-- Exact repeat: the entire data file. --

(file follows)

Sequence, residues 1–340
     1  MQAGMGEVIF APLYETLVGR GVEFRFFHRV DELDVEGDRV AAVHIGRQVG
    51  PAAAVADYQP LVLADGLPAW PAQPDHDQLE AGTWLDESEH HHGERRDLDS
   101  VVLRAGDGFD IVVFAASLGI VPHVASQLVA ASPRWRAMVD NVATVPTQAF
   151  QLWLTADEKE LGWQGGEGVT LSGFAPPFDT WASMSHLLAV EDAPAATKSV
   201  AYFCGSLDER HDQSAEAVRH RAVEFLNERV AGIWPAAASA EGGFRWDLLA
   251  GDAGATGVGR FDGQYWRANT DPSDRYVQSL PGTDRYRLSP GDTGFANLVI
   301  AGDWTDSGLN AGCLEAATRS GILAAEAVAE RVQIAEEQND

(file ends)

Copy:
Sequence, residues 1–340
     1  MQAGMGEVIF APLYETLVGR GVEFRFFHRV DELDVEGDRV AAVHIGRQVG
    51  PAAAVADYQP LVLADGLPAW PAQPDHDQLE AGTWLDESEH HHGERRDLDS
   101  VVLRAGDGFD IVVFAASLGI VPHVASQLVA ASPRWRAMVD NVATVPTQAF
   151  QLWLTADEKE LGWQGGEGVT LSGFAPPFDT WASMSHLLAV EDAPAATKSV
   201  AYFCGSLDER HDQSAEAVRH RAVEFLNERV AGIWPAAASA EGGFRWDLLA
   251  GDAGATGVGR FDGQYWRANT DPSDRYVQSL PGTDRYRLSP GDTGFANLVI
   301  AGDWTDSGLN AGCLEAATRS GILAAEAVAE RVQIAEEQND